After what I’m sure will become a typical Icelandic breakfast of bacon, eggs and hot dog sausages, we donned the yaktrax and walked into town to collect our hire car from Cheap Jeeps Car Rentals – a trusty Subaru Forrester. They’d opened up for us  especially as so few tourists hire cars in Iceland during the Winter, and instructed us to just throw the keys back through an open window once we’d finished. Their 4 year old son was very cute, and had already learned how to say ‘ice cream’ in English. He’ll go far.

Within minutes we’d nicknamed the car ‘The Snow Plough’. Winter car hire here really is cheap and cheerful and well worth the effort if you’re used to driving in snow, as it can save you a fortune on organised tours.

Unfortunately halfway to Grindavik, a small coastal town south of Keflavik, I realised that I’d left my camera recharging in the apartment. I could have cried as I so love taking photographs and using them to help me cherish the memories. As it was Boxing Day (December 26th) there weren’t even any shops open where I could buy a disposable one, so I’m afraid that this blog will be illustrated using words and a few pictures from a previous trip two years ago.

Interestingly, Grindavik’s lifeboat was donated by the UK’s very own RNLI a few years ago. We parked by the harbour for a quick stroll in the biting wind, before driving back into the town and east along the Hopsnes Peninsula road, towards Krysuvik. The road quickly became an ice sheet so Rich turned the Snow Plough around, and I drove us back into Grindavik for a spot of lunch at the only place open – the service station. Whilst a burger and chips wasn’t cheap by happy meal standards, there was enough to fill our bellies without me having to eat the bun.

About 2km down the road we parked up at the bottom of the local hill – Porbjorn, and made it to the top with only one fall each – mine when I turned round to check on Rich as I heard him slip over on the ice. Even a local snow buggy got stuck and had to reverse after trying to ovetake us. It really is like  a lunar landscape, especially when covered in snow, and with so much walking within easy reach of the town we decided that we’d definitely come back for longer during a summer visit.

By 3.30pm the sun had started to set so we descended and drove north to the Blue Lagoon. Whilst some people describe it as a tourist trap, I’ve always loved it, and we come for a soak whenever we’re in Iceland. It was the quietest we’ve ever seen it, but still as atmospheric and other worldly. Until I heard some South Wales accents close by and got talking to a couple from Newport. It is indeed a small world.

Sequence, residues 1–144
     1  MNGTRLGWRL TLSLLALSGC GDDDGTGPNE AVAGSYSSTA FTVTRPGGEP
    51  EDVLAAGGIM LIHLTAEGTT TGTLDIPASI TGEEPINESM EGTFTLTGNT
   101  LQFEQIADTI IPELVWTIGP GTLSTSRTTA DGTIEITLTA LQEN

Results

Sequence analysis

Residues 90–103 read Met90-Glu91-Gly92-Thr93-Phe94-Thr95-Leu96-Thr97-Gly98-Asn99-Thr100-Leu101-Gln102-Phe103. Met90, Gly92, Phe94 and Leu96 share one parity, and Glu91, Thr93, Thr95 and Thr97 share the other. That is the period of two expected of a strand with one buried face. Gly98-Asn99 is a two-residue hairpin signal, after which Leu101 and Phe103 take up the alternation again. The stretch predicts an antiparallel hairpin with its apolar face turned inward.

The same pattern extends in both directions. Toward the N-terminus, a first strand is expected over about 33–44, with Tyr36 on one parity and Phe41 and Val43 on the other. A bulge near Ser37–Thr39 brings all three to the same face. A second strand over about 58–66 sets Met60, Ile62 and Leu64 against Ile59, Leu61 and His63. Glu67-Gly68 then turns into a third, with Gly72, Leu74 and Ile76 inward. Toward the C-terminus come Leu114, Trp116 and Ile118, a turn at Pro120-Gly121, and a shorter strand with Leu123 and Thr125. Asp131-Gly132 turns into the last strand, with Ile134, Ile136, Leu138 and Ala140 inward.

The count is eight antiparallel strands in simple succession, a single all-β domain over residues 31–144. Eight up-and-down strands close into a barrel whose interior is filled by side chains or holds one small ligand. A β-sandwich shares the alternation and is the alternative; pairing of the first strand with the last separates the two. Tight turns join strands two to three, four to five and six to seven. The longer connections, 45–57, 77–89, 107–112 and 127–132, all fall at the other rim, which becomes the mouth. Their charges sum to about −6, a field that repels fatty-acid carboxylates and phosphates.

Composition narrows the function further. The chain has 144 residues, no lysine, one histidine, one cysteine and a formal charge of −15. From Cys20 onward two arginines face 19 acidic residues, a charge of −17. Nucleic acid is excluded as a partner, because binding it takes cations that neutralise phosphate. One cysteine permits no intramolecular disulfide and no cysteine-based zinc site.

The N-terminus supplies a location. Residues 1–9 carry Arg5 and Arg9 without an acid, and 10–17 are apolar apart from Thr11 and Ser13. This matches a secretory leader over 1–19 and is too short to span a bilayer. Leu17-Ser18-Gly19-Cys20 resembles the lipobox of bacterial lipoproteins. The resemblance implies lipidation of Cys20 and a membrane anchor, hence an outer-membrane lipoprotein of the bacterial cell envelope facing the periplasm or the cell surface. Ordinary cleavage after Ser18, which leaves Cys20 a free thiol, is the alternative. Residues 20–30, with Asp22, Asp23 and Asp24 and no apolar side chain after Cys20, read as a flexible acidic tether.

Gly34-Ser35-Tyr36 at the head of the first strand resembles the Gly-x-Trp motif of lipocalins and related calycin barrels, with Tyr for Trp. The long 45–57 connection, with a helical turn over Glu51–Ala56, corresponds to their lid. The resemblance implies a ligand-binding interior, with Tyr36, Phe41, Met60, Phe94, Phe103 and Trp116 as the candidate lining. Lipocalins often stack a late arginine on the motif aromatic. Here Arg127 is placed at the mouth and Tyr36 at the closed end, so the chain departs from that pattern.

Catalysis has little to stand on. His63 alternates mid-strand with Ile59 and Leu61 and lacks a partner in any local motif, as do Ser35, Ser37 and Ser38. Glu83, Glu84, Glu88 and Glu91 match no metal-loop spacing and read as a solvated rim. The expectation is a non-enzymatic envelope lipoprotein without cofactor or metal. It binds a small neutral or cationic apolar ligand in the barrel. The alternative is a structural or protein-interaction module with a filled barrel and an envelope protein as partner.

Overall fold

I will never tire of the feel of the silica mud between my toes, the blue water, and the very hot spots. There are even tubs of the mud dotted around the pool edges for you to apply as a face mask. You certainly walk out feeling very clean and fresh! The water is warm without being scalding, and the heat encourages you to float rather than swim, and eventually to do a sort of crab like bounce rather than walk because your muscles have become so relaxed. The lagoon is big enough to escape noisy groups, has saunas, steam rooms and a massaging water jet, and if you’re feeling flush, you can book an in-pool massage in advance.

Me in the Blue Lagoon, complete with face pack. New years Day 2011.
Me in the Blue Lagoon, complete with face pack. New years Day 2011.

After a few hours of bobbing and floating we forcefully ejected ourselves and I treated myself to a bottle of their much loved shower gel and hand cream. The products are not cheap admittedly, but I make them last, and using them always brings back memories of the lagoon. We skipped the cafe this time, but if you want to eat on site there’s also a restaurant, and a bar with a rooftop view of the lagoon. Instead, despite Dervla’s absence, or maybe because of it (!), Rich drove us back to Reykjavik and the apartment without me needing to look at the map, and we dined on leftover pasta and tomato sauce whilst plotting the next day’s adventures in the Snow Plough.